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There was a time when even some of the most prominent minds believed that a machine could not be as intelligent as humans but in 1991, the start of the Loebner Prize competitions began to prove otherwise. The competition awards the best performing chatbot that convinces the judges that it is some form of intelligence. But despite the tremendous development of chatbots and their ability to execute intelligent behavior not displayed by humans, chatbots still do not have the accuracy to understand the context of questions in every situation each time.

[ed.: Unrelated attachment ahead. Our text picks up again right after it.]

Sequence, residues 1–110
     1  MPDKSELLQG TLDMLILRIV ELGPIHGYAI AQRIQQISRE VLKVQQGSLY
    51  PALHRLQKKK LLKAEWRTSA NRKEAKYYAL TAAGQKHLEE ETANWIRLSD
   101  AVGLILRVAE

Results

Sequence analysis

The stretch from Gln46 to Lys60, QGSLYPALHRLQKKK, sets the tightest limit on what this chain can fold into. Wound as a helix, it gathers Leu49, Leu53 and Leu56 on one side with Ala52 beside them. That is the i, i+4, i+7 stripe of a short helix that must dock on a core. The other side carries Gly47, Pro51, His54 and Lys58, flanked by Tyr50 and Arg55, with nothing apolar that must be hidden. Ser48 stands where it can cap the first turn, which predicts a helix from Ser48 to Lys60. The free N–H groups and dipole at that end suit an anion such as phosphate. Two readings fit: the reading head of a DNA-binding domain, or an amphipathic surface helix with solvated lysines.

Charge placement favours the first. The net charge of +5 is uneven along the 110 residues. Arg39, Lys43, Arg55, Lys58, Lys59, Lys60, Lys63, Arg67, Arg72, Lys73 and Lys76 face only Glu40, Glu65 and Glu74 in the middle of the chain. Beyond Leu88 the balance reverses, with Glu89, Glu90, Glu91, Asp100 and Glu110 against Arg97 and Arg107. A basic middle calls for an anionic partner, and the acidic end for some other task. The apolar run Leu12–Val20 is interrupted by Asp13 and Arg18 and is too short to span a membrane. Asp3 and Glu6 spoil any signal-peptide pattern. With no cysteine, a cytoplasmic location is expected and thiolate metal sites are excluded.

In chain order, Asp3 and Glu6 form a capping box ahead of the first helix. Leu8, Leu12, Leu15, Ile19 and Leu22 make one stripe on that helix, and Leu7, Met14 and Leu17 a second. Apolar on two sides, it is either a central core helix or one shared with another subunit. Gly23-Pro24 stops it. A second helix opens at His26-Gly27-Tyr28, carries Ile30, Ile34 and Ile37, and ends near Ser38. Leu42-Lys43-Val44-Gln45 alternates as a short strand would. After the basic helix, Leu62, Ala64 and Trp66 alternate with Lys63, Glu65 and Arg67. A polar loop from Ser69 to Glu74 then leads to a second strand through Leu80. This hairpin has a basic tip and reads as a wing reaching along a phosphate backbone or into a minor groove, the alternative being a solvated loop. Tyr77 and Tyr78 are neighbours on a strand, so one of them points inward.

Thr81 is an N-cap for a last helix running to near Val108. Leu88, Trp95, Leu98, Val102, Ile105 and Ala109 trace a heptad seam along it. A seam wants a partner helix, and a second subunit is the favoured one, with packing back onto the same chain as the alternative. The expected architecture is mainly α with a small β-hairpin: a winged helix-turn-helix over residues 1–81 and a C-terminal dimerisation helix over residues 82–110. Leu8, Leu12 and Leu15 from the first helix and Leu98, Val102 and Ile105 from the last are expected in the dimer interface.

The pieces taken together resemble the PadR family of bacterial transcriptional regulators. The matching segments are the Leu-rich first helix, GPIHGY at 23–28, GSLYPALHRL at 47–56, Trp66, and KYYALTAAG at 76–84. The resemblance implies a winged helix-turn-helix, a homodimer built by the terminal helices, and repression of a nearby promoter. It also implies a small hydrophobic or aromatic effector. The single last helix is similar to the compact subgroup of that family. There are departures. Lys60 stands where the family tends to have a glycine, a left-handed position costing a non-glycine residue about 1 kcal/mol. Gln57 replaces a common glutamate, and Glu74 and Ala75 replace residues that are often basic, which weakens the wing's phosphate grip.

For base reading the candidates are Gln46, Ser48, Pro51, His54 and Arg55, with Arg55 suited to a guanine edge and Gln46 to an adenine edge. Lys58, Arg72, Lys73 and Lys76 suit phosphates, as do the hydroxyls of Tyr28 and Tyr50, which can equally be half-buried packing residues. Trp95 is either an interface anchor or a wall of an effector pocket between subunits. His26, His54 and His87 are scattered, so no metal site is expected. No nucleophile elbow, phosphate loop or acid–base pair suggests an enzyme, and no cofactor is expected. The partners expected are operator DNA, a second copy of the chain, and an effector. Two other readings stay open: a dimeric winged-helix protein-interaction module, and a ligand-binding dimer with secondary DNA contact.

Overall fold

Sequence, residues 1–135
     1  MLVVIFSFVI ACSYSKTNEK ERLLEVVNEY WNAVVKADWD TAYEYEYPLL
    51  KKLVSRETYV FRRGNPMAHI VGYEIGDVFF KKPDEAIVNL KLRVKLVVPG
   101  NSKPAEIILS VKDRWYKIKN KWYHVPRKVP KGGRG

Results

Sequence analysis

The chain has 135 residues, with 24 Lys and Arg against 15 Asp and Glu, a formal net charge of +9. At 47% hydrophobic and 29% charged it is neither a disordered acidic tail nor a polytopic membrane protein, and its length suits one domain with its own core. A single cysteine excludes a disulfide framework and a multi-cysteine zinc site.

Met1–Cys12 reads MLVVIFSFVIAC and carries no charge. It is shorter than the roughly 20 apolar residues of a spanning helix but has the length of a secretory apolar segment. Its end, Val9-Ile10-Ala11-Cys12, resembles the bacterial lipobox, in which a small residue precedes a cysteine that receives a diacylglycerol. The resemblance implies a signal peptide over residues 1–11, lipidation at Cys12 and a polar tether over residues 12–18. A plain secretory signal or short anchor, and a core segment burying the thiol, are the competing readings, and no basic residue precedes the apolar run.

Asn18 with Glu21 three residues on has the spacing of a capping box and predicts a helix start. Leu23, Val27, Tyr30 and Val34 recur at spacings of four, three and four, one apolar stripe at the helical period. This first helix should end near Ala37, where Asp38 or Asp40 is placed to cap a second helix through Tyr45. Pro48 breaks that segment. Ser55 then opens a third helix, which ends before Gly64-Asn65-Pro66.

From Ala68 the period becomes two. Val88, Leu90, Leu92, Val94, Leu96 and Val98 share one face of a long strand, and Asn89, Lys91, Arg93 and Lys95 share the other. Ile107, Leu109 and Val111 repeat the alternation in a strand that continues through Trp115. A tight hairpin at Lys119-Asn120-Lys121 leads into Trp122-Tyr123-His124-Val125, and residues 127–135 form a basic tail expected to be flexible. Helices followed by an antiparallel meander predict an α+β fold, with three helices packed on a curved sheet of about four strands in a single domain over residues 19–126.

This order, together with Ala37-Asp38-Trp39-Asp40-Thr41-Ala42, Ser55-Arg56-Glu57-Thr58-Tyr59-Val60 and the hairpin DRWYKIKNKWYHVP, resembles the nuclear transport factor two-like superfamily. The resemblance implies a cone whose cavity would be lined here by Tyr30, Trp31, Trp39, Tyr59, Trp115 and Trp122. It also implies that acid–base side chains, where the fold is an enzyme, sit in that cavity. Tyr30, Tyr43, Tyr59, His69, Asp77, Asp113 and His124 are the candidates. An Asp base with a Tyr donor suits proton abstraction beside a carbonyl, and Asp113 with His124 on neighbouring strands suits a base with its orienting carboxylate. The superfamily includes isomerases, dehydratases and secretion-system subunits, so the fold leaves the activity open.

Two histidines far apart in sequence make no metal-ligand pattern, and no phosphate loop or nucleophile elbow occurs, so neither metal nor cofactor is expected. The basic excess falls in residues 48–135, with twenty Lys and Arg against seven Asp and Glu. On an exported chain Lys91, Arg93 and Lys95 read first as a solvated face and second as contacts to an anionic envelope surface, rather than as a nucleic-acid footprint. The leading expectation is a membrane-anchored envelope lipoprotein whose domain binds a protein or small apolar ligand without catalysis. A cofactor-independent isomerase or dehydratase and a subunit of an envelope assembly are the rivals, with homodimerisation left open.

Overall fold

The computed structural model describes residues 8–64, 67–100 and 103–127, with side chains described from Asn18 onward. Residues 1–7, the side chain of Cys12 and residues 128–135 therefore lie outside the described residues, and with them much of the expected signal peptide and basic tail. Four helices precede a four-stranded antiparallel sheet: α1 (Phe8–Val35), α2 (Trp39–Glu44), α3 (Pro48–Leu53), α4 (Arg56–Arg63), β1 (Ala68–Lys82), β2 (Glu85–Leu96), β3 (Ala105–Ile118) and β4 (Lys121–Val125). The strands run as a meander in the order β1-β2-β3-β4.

In 1950, Alan Turing's famous article "Computing Machinery and Intelligence" was published,[7] which proposed what is now called the Turing test as a criterion of intelligence. This criterion depends on the ability of a computer program to impersonate a human in a real-time written conversation with a human judge, sufficiently well that the judge is unable to distinguish reliably—on the basis of the conversational content alone—between the program and a real human. The notoriety of Turing's proposed test stimulated great interest in Joseph Weizenbaum's program ELIZA, published in 1966, which seemed to be able to fool users into believing that they were conversing with a real human. However Weizenbaum himself did not claim that ELIZA was genuinely intelligent, and the introduction to his paper presented it more as a debunking exercise:
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